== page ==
• Changing Policies for Changing Times

Presenter: Drew Jackson (Pacific University); Sarah Kirkley (Pacific University); Laura Baird (Pacific University); Lynda Irons (Pacific University); Angela Lee (Pacific University)
Abstract: Policy writing is rarely nimble or innovative, but using change management techniques, Pacific University Libraries drafted policies to address the circumstances during this past year. We will discuss how we identified a need to change, which policies we changed, how we identified goals for change, and our methodology for working through changes. We will also share how we adapted our approach to accommodate remote work. We learned the importance of positioning policy within the University and legal framework; reframing the policies as part of an iterative, sustainable process; and involving a variety of perspectives. This process can be used not only for policies but also to build a responsive organization.

  • Team Science: A Question of Support for Undergraduate Research

Presenter: abby koehler (Western Washington University); Jenny Oleen (Western Washington University); Wyatt Heimbichner Goebel (Western Washington University)
Abstract: After recent strategic and structural changes within our organization, Western Libraries is experimenting with new team-based and collaborative approaches to improve the undergraduate research support we offer. Our newly formed subject support team — Team Science — along with the Western Libraries’ Tutoring Center and Hacherl Research & Writing Studio is now positioned to consider important questions regarding STEM students’ unique research needs. We are excited to share the groundwork we have laid in supporting undergraduate research contributions at Western Washington University.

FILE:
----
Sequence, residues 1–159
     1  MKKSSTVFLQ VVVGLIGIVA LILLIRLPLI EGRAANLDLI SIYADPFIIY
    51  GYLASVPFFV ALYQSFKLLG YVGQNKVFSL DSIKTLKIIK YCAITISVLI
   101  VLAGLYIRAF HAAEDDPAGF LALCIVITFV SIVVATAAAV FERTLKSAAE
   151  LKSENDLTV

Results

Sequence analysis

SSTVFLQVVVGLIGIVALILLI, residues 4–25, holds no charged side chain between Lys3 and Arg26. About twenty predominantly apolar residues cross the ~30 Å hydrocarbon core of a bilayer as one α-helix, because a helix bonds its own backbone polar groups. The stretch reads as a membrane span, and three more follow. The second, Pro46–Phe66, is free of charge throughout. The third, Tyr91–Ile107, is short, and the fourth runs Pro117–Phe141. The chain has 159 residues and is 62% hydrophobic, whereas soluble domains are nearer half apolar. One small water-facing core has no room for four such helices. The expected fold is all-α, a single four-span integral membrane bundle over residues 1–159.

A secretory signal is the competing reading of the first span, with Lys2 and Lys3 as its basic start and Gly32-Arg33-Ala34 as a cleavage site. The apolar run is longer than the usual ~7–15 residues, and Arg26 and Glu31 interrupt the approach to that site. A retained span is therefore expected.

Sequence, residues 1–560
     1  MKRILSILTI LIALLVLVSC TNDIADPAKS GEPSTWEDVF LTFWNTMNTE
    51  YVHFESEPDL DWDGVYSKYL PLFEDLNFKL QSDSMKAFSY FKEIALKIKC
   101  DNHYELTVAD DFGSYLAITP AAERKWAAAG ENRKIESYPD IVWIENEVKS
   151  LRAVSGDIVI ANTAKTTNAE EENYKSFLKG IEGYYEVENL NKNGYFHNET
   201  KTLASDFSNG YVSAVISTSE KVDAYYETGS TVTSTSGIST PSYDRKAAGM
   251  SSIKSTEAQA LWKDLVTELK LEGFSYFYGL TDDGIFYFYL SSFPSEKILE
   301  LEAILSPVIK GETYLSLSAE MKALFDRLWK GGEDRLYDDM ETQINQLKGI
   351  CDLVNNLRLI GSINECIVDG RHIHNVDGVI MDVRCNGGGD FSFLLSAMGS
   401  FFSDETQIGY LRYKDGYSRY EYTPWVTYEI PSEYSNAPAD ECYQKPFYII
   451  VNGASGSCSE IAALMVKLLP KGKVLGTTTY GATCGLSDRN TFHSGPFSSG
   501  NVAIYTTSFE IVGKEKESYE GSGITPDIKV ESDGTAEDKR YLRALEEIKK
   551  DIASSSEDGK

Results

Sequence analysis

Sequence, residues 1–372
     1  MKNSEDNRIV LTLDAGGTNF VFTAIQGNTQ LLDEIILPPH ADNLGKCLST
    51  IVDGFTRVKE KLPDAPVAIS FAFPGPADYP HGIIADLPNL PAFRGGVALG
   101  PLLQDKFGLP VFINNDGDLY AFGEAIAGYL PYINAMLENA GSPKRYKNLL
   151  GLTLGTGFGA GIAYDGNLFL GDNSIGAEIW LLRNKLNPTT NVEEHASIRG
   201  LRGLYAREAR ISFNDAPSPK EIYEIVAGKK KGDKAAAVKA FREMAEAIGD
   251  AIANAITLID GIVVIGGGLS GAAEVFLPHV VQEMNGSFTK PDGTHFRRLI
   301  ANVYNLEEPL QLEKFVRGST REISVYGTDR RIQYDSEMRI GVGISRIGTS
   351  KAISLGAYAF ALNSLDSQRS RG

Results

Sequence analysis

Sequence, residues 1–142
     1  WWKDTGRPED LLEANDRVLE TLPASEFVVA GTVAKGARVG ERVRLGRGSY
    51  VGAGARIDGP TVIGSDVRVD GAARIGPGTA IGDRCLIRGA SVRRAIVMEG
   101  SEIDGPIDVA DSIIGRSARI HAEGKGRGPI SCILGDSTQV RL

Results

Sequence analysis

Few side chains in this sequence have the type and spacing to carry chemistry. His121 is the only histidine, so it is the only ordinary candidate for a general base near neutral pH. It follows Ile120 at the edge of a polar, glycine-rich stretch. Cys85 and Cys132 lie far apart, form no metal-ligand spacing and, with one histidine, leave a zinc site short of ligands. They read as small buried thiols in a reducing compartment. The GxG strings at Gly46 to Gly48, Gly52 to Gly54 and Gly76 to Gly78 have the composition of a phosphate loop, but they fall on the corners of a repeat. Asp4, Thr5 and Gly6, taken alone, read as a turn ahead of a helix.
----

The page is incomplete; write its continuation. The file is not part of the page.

• Co-CREATE Your Class: Fostering Student Agency and Inquiry in Academic Literacies

Presenter: Caitlan Maxwell (Western Washington University Libraries); abby koehler (Western Washington University Libraries)
Abstract: Using an inquiry-based approach to a quarter-long linked credit course demands careful coordination among everyone involved. However, with innovative strategies like co-creating rubrics and assignments, using critical pedagogy focused on academic literacies, and implementing the CREATE (Consider, Read, Elucidate the hypotheses, Analyze and interpret the data, and Think of the next Experiment) method, it can be done. Join us for an overview of our team-teaching experience and a discussion of strengths-based, peer-to-peer learning approaches to information literacy that address student agency in writing, reading, research and more.

  • Libros for Oregon – Collections Connect Communities

Presenter: Hannah Bostrom (Salem Public Library); Deborah Gitlitz (Wilsonville Public Library); Valeria Davila (Oregon State University Libraries and Press); Alice Perez (Multnomah Law Library); Mark Peterson (Mt Hood Community College)
Abstract: Our poster session is about the Libros for Oregon (LfO) organization, which is a subset of Reforma Oregon. The project centers around bringing quality Spanish materials from the Guadalajara International Book Fair, the largest Spanish language book fair in the world, to Oregon libraries and their communities. To accomplish this task, LfO selects a cohort of libraries each year that selected representatives will buy items for. Travelers apply for the ALA Free Pass Program, which covers most of the traveling costs. All participating libraries chip in $200 to cover the rest of the travel costs, and allocate $500-$2,000 of their budget to this project. Books are selected by library professionals, with the help of Mexican vendors. Materials are shipped to the libraries and they promote the collection through programming and outreach events.

ACRL Oregon Professional Development Remote Scholarship Winners